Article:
Two of the six pulse unrestricted frequency changing circuits can be connected together through an additional set of interphase transformers to provide a twelve pulse frequency changing circuit.
This invention also encompasses a six pulse frequency changing circuit including two isolation transformers, each having three multiple phase primary windings and a multiple phase secondary winding. The primary windings each include three coils wound in an open star configuration; controllable, bidirectional switching circuits are electrically connected between the coils of each of the primary windings; and, the switching circuits and primary windings are configured into two three pulse circuit groups. Each of the coils in the multiple phase primary windings is electrically connected to one of three input terminals. Corresponding coils of the isolation transformer secondary windings are electrically connected in series with each other to form three circuit branches which are electrically connected to three output terminals. A twelve pulse version of the circuit is provided by using four isolation transformers to feed four three pulse circuit groups and by including a 30° phase displacement between the input voltage supplied to first and second pairs of the isolation transformers.
FIG. 1 is a schematic diagram of a prior art NTU type of unrestricted frequency changer;
FIGS. 2A and 2B are schematic diagrams of a twelve pulse NTU type unrestricted frequency changer constructed in accordance with one embodiment of the present invention;
FIGS. 3A and 3B are schematic diagrams of an alternative embodiment of the present invention; and
FIGS. 4A and 4B are schematic diagrams of another alternative embodiment of the present invention.
Referring to the drawings, FIG. 1 is a schematic diagram of a prior art NTU frequency changing circuit. That circuit includes three terminals R, S and T for receiving three phase power from an external AC source. A first isolation transformer 10 includes a multiple phase primary winding 12 including coils Ap1, Bp1, and Cp1, and three multiple phase secondary windings 14, 16 and 18. Each of the multiple phase secondary windings includes three coils wound in an open star configuration. In particular, secondary winding 14 includes coils As1, Bs1, and Cs1 ; secondary winding 16 includes coils As2, Bs2, and Cs2 ; and secondary winding 18 includes coils As3, Bs3, and Cs3. A second isolation transformer 20 includes a multiple phase primary winding 22 having coils Ap2, Bp2, and Cp2. Transformer 20 also includes multiple phase secondary windings 24, 26 and 28, with secondary winding 24 including coils As4, Bs4, and Cs4 ; secondary winding 26 including coils As5, and Bs5, and Cs5 ; and secondary winding 28 including coils As6, Bs6, and Cs6.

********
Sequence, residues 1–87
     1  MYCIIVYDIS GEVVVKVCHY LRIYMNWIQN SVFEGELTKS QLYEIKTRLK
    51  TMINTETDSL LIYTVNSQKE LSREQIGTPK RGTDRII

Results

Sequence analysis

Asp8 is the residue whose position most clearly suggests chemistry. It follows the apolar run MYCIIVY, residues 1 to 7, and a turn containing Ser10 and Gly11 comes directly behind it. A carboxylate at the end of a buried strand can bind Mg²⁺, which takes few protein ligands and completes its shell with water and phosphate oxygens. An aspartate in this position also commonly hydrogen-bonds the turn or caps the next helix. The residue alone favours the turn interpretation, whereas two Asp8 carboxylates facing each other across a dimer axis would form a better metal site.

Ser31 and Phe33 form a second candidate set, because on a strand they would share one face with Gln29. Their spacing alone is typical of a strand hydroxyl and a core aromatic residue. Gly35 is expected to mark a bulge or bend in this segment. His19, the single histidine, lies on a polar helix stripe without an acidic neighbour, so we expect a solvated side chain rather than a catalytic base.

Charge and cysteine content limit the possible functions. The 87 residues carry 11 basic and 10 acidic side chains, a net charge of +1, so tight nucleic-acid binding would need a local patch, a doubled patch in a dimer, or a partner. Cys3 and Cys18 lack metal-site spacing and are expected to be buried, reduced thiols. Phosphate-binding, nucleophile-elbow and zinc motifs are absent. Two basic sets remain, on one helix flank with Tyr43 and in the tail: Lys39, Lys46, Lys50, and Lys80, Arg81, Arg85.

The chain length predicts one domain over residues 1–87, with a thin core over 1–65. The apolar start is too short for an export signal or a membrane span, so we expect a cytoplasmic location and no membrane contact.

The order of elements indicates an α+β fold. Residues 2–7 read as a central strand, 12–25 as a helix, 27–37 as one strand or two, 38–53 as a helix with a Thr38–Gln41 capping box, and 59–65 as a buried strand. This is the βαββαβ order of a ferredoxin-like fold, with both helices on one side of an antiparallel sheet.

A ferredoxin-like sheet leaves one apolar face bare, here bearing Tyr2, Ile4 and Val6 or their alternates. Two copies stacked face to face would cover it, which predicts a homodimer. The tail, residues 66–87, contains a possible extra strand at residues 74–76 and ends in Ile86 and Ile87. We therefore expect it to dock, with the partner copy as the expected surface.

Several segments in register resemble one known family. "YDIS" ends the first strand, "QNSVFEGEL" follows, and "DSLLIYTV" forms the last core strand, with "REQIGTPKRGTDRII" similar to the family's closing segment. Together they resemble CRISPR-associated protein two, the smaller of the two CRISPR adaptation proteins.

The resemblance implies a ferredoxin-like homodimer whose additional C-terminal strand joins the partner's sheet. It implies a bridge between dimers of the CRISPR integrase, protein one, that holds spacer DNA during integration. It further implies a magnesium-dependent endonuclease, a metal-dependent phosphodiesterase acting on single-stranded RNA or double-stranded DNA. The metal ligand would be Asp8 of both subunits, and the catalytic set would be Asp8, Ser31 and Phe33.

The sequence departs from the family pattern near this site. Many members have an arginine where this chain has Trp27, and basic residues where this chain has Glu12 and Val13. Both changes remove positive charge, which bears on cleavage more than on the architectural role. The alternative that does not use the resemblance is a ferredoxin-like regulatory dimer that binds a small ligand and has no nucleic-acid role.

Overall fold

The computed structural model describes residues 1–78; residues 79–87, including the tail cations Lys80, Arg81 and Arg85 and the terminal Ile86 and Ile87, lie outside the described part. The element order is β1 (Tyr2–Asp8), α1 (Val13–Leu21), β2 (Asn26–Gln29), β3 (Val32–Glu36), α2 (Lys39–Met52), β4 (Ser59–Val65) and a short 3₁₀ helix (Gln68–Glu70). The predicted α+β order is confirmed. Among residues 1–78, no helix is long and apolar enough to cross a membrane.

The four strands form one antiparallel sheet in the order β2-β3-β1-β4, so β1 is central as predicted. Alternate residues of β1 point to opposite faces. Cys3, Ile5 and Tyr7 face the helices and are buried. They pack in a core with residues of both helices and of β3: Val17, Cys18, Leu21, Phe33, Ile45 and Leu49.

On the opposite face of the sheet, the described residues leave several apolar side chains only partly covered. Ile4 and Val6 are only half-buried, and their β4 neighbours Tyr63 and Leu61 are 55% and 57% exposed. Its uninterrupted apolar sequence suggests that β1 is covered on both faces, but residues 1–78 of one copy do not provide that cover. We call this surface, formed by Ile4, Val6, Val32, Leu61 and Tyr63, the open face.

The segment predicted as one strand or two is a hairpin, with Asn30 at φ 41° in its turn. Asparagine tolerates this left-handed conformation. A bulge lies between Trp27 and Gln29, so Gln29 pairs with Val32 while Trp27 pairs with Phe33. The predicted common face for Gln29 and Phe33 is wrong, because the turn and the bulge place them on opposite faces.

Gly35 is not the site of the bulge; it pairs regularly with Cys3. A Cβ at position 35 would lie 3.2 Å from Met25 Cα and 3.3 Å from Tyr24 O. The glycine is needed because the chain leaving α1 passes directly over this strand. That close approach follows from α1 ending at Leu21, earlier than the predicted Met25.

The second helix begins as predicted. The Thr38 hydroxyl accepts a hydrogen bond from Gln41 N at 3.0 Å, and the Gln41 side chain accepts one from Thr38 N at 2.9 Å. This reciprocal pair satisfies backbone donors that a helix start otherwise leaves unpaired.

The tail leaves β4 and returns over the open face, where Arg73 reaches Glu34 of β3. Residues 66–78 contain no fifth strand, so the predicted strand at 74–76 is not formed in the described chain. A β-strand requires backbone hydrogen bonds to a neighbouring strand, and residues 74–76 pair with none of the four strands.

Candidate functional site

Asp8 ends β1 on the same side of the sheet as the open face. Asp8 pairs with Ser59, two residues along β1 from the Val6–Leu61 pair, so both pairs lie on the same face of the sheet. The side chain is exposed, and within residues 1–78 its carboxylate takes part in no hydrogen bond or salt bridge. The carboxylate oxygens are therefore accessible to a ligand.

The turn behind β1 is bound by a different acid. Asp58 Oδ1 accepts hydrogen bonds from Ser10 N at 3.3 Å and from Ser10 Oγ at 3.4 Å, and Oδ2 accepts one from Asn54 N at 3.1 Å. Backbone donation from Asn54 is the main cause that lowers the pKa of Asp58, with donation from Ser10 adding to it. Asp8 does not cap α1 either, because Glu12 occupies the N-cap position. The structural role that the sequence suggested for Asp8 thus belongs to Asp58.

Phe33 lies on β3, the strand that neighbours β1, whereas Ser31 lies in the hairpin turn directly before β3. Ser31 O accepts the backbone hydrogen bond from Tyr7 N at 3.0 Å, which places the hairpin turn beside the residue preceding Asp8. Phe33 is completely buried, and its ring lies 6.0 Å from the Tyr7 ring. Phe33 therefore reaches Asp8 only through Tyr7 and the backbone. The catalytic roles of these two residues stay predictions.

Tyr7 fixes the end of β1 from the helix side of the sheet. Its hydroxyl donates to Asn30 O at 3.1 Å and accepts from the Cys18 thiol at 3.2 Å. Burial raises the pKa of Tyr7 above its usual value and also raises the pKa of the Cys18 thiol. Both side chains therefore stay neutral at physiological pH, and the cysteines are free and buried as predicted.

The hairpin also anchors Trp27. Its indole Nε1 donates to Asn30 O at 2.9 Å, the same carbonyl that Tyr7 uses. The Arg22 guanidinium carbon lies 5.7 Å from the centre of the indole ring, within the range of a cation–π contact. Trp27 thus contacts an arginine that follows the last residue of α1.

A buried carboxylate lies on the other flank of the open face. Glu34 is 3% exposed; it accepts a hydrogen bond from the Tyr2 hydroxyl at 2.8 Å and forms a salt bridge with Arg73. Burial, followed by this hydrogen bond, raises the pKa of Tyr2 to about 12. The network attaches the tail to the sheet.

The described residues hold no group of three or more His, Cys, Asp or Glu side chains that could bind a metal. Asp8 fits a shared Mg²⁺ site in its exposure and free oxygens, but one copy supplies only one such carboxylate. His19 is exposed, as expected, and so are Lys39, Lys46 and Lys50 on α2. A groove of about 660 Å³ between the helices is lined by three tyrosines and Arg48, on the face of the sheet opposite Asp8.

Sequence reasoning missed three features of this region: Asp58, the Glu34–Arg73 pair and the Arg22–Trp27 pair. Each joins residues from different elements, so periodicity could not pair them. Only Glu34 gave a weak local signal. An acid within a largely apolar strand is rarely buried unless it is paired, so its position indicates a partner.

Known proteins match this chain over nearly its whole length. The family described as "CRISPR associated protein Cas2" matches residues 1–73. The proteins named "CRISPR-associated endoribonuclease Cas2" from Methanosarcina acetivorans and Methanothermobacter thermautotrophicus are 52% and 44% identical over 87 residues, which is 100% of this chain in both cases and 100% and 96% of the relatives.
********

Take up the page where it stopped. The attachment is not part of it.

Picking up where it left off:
A plurality of switching circuits 30 are connected between individual coils in each of the secondary windings and serve to electrically connect or disconnect the coils in the associated secondary winding. Each of these switching circuits includes a controllable, bidirectional switch 32 and a snubber circuit 34 connected across the switch. The actual switching element in each controllable switch is a gate turnoff thyristor 36 which is controlled by a switch control circuit 38. This switch control circuit 38 is connected by way of a plurality of output lines 40 to each of the gate turnoff thyristors in the switching circuits. To simplify the drawing, only one of these connections is illustrated.
The secondary windings of the isolation transformer and a switching circuit associated with each of these windings are divided into two three pulse circuit groups 42 and 44. Three pulse group 42 supplies a three pulse output to terminals 46, 48 and 50 of motor 52 while three pulse group 44 supplies an output to terminals 54, 56 and 58 of motor 52. The switch control circuit 38 alternately turns gate turnoff thyristors 36 on and off in accordance with known prior art switching techniques to achieve the desired output frequency and voltage characteristics.